10.2 and knows exactly which knob to turn to reinstate solid 24x7 service!!


dd http://tinyurl.com/DD-Caveat

Thanks for the heads up. But these machines are inside a VPN. And we have been able to replicate this problem in-house on a freshly imaged machine, so I do not think this is due to malicious access.

It is very well possible that your systems are not compromised. And running software for such a long time will assure you a stable system … as long a all goes well. But now you have something that allmost nobody here will have. Thus it will be almost impossible for anybody here to compare or recreate your problems with something they have. Also the combination of Java 1.6 with openSUSE 10.2 will be a very scarce one (and that is a very optimistic phrase) and probably was never a supported or tested combination.

In other words, though people are generaly willing to help, your changes are very low in this case. Sorry that I can not be more optimistic.

hcvv wrote:
> It is very well possible that your systems are not compromised. And
> running software for such a long time will assure you a stable system
> … as long a all goes well. But now you have something that allmost
> nobody here will have. Thus it will be almost impossible for anybody
> here to compare or recreate your problems with something they have. Also
> the combination of Java 1.6 with openSUSE 10.2 will be a very scarce one
> (and that is a very optimistic phrase) and probably was never a
> supported or tested combination.
>
> In other words, though people are generaly willing to help, your
> changes are very low in this case. Sorry that I can not be more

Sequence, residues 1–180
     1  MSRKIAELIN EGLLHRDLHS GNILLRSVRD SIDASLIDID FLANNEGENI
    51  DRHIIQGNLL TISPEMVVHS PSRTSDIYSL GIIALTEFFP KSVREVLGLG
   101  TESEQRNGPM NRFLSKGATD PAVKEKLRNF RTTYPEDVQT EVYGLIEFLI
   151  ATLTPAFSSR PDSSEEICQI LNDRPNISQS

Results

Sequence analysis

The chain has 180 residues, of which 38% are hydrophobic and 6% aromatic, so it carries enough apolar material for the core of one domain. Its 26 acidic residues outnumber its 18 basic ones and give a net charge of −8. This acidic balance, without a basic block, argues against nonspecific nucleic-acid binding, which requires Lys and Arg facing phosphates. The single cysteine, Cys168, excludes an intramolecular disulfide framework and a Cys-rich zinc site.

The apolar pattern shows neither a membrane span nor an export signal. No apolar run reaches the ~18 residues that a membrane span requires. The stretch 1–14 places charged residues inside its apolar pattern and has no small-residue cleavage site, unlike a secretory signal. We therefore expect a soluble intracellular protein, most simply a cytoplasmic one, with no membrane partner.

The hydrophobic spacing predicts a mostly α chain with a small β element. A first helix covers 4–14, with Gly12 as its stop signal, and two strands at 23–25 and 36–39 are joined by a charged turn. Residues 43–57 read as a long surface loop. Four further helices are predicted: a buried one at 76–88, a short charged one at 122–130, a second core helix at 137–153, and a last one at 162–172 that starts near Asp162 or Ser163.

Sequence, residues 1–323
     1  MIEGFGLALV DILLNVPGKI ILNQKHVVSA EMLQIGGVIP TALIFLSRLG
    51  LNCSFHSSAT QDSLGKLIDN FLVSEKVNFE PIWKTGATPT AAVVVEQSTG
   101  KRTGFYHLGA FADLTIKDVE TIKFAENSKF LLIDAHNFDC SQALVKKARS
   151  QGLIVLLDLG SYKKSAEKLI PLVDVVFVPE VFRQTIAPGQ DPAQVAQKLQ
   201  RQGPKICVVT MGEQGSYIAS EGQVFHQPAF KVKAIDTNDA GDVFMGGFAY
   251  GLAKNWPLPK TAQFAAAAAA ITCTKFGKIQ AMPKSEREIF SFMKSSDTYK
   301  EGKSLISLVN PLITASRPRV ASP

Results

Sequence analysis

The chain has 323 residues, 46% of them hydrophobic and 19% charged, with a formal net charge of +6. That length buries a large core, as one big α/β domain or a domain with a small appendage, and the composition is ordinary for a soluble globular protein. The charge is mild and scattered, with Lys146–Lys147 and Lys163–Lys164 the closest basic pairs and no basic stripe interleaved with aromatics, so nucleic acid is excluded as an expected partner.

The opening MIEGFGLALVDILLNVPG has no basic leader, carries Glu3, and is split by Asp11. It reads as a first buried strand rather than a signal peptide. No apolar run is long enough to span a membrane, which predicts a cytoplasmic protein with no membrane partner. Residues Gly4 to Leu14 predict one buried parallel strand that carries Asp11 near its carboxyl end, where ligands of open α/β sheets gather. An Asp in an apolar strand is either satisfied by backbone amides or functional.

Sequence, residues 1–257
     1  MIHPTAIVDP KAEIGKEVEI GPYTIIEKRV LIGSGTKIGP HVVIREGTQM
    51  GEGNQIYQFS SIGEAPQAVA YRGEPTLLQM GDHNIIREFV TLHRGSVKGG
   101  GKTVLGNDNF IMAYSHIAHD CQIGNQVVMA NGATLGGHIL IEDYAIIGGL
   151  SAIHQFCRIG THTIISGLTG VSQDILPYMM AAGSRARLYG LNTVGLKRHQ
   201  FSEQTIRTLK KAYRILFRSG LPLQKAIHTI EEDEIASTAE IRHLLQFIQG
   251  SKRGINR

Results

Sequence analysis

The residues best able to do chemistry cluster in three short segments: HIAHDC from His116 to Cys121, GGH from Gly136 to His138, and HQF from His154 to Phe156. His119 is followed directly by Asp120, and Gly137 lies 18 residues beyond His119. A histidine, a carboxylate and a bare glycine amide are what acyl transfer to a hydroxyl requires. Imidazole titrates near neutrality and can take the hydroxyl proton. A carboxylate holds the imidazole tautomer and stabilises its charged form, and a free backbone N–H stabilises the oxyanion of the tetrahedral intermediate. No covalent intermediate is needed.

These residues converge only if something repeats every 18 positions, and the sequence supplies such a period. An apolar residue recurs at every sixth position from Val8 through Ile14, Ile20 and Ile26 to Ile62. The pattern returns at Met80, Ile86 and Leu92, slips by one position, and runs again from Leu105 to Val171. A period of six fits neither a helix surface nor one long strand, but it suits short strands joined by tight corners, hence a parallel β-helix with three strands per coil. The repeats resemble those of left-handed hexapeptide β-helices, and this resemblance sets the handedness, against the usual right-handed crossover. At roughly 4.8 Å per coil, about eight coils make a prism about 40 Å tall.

> optimistic.

I would agree with Henk’s assessment. The only thought I can offer is
that intermittent failures and changing rates of failure makes me think
about race conditions and deadlocks. Perhaps the newer Java has more
parallelism or faster code paths or something like that.

When you say that they drop off the network, do you mean that they are
completely unreachable using ping or telnet or whatever, or just that
your application doesn’t respond. And when this happens, do they still
respond to local console input (at shell level, not your app’s GUI)?

If the machine is completely dead, then it seems very likely to be a
kernel problem, and you will need to update the OS to fix the problem.
Or recode your app to avoid the bug. If the machine is still alive, then
maybe it’s a logic error in your app that you can fix.

My instinct would be to move to a current system - perhaps SLED or SLES
if you need long-term operation. If you can’t do that, I would start
adding debug logging to try to find out what it is doing just before it
crashes. Maybe debug logging would stop it being ‘idle’ enough so the
problem disappears :slight_smile:

On 10/25/2012 10:06 AM, silentecho wrote:
> so I do not think this is due to malicious access.

very happy to hear that!!

still, i wouldn’t know where to begin in helping to unravel the
problem…hmmmm (let me state the obvious):

  • the best time to leave an unsupported version is while it is still
    supported

  • and, there are several distributions with longer lives, one i know of
    which is still supported existed the same day someone there settled on
    10.2, and that would be a SLES 10 (with an easy step to SLES 11 which
    goes on and on…

now, this just dawned on me: there might be a very easy move from
openSUSE 10.2 to SLES 10, and it has some years to go in support…and,
the cost to just have routine updates (without hand holding) is very
low–well, there are free forums, like these for cost free hand holding…

i do know they rolled SUN Java into SLES a while back…oh!! you can
free download and install SLES 10 or 11 with FREE 90 day support and
with that can update it to current (with the new java and kernel, etc
etc etc) and see how you app runs…if you like it you can just let the
free 90 days run out and patch it manually … something to think about…


dd http://tinyurl.com/DD-Caveat

IMHO, now is your moment to upgrade the OS. Like already said, SLES or SLED would be a good option, or the latest openSUSE.